visible at the time, so he allowed the canoe to drift about as it would.
By-and-by the serpent came to the surface again at some little distance
from Qoitcita'l. He at once paddled quietly towards it. The serpent's
two large heads were now raised in the air with its great mouths agape.
When it opened its mouths it was like the opening of two fiery ovens ;
and the cries it made on these occasions were exceedingly terrifying.
Qoitcita'l paddled towards the nearest of the heads and struck it just
at the junction of the neck with one of his spears which remained sticking
in it. He then hastily paddled towards the other and did the same with
it, and the serpent sank to the bottom of the lake. Qoitcita'l thereupon went into a trance and remained in that condition for some time.
While he was in this state the water of the lake rose up and carried him
to the top of a high mountain. When he came out of his trance, in
which he had learnt many secrets and much strange knowledge, he
looked intently at the water, which immediately began to sink, and in
a little while the whole lake was dry. He now descended the mountain
and got down to the bed of the lake across which he perceived, stretching
from side to side, the trail of the serpent's bones. These were now clean
and free from flesh, and some of them were curiously shaped. Some
had the form of swords, and some of blanket-pins or brooches. He took
possession of two of these — one of the sword kind and one of the broqcji
kind—and returned to his house on the edge of the lake. Havingriow
accomplished his task he determined to return home. He accordingly
sets his face homewards. To get home he had first to pass over many
mountains and rivers. One day he perceived a tiock of mountain sheep
on a ridge before him. Thereupon he takes his new sword, which
possessed magic properties, and waves it in the air, and all the sheep
straightway fall down dead. He now skins them all, and dries their
hides. When they are dried he packs them up and takes them with
him. There are many hundreds of them, but his magic enables him to
carry them all easily. As he journeyed on he came to a certain mountain
which it was necessary for him to cross But his passage over this was
hindered by the presence of a huge snail which barred his way whenever
he sought to cross it. He tried every means t'o pass this creature, but
always failed. At last it occurred to him to use the Slno tlkai-bone
brooch, which like the sword possessed magic properties. He now points
this at the snail, and it immediately shrivels up like a green leaf in the
fire, and dies. At last after much travelling he comes to the head of
the Sk'qo'mic River, at the mouth of which his own village is situated.
Between the head and the mouth of the river there are many b'kwu/muqi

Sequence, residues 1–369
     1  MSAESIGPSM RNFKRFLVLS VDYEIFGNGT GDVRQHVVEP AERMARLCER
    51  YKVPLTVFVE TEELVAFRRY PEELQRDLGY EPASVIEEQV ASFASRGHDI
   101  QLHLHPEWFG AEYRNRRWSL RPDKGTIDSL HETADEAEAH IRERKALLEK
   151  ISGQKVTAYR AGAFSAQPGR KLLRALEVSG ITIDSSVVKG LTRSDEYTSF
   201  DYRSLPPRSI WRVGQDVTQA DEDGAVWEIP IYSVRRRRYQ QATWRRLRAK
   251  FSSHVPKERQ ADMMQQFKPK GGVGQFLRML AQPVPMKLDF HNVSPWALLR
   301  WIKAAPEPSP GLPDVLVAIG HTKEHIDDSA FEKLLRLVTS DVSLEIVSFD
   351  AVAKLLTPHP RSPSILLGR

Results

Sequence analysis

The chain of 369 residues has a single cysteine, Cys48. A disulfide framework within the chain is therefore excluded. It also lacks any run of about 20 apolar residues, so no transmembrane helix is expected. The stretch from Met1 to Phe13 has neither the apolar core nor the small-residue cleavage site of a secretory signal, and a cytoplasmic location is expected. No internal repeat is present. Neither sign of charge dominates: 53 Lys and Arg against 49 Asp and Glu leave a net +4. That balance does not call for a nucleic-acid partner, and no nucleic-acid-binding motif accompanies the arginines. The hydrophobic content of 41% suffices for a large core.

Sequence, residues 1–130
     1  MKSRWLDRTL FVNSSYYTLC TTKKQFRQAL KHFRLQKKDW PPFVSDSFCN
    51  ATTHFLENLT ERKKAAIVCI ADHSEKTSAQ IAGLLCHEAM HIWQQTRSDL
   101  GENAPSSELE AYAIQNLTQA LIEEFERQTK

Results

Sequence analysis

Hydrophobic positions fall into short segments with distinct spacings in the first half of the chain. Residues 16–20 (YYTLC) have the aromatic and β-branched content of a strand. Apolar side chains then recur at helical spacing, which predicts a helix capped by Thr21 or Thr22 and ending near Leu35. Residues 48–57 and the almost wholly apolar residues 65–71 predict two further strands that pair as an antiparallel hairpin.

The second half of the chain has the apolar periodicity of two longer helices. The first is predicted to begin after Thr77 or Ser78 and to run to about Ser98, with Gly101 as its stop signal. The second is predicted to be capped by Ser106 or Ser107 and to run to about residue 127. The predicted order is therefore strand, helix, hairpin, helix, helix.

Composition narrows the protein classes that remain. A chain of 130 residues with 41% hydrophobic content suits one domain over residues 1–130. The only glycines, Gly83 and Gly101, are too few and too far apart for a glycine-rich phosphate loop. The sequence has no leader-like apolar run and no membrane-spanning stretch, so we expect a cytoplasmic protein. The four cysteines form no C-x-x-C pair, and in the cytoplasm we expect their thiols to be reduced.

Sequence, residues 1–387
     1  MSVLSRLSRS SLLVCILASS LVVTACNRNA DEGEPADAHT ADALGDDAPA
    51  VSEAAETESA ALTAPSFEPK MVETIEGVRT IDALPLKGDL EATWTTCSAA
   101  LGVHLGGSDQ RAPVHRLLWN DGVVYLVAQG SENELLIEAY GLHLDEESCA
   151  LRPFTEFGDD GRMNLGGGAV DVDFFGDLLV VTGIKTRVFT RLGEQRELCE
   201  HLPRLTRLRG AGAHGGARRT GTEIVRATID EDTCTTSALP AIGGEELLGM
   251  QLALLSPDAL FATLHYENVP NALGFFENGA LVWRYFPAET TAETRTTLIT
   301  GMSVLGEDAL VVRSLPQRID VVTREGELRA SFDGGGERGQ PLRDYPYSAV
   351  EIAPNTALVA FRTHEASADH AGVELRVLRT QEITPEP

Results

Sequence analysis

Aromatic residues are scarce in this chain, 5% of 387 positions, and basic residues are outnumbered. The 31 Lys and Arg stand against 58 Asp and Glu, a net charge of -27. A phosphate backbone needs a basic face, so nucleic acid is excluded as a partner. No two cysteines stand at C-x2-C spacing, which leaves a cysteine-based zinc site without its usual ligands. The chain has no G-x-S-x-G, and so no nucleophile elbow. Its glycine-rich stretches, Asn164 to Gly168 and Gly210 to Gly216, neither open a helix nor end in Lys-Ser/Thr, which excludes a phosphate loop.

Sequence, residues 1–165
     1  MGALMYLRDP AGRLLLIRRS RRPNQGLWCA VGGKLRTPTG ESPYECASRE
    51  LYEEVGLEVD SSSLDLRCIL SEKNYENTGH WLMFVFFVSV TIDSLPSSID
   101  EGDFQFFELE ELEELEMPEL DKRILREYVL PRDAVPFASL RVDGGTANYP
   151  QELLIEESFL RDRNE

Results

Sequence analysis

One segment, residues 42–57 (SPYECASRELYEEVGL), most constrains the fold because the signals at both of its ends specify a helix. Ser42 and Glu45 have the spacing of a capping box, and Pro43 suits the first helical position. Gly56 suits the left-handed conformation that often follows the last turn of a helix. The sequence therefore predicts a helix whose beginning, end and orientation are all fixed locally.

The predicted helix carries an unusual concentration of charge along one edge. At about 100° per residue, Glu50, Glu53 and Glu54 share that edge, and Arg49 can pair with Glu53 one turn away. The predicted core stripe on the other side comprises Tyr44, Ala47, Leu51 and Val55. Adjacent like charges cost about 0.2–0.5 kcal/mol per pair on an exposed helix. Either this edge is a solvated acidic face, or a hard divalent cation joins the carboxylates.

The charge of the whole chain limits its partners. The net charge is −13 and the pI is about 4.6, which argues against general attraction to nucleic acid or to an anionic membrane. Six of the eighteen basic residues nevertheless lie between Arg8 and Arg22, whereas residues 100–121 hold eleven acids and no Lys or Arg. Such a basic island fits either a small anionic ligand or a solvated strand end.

A***__9 532
or villages, which he has to pass on his way. The first village was on the
side of the river opposite to his own. When he got over against it
he covered himself with a white blanket and sat down to rest and
await events. The people of the village soon perceive him and cry out
to one another wondering what the strange white object is. Said one to
the other, ' Let us go and see what this white thing is on the other side
of the river.' They all come down to the river's edge. Qoitcita'l now
stands up and waves his magic sword in the air, and all the people
shrivel up as the snail had done, and fall down dead. He now crossed
over the river and took a Qok'b'lstEn, or large basket used for gathering
herbs, and filled this with the leaves of certain plants and herbs. He
then broke these up and bruised them, and made therefrom some
powerful medicine the magic properties of which he had learned in his
trance. With this he sprinkles all the dead, and they are immediately
restored to life again. After this the people take a number of canoes
and construct from them a large raft. On this they place Qoitcita'l and
present him with a great number of blankets. They also give him one of
the girls of the village for a wife. Qoitcita'l accompanied by some of the
people of the village now goes down the river. At every village they
come to Qoitcita'l kills all the inhabitants by waving his sword as he
had done at the first place, and afterwards restores them to life. At
each stopping-place he is presented with many gifts, and a girl for wife,
and some of the people accompany him 1 so that by the time he has
reached his own village the raft is loaded with people and presents, and
he possesses nearly two score waves.1 When he arrived at Sta/mis he
loes the same there as at all the other places and kills everybody, his
own parents and first wife included. Then he brings them all back again
bo life except his wife. He does this to impress the people with his
power. His wife had taken another husband, and so to punish her for
her want of trust in him he would not restore her to life. He now takes
all his new wives and presents into his father's big house. A great
feast is then held and all the visitors are generously entertained for
many days. There was no scarcity of food or game, for Qoitclta/l had
only to go into the woods and wave his magic sword before him and
everything immediately fell dead at his feet. From this time on Qoitcita'l
became a great man and the chief of his o'kwumuq.
Te Saoqivd'otl, or the Deserted Youth.
A youth was once undergoing his k'waiyd'sbt, or training for medicineman. He had led an isolated life in the forest, according to the custom
of novices, for some time, and had eaten no food for several days. Now
it happened that just at this time there was a scarcity of food in the
village to which he belonged, and a party of girls had gone into the
woods to dig Subtluk' (Pteris aquilina) for food for themselves. They
had secured some roots and had roasted and eaten them in the woods,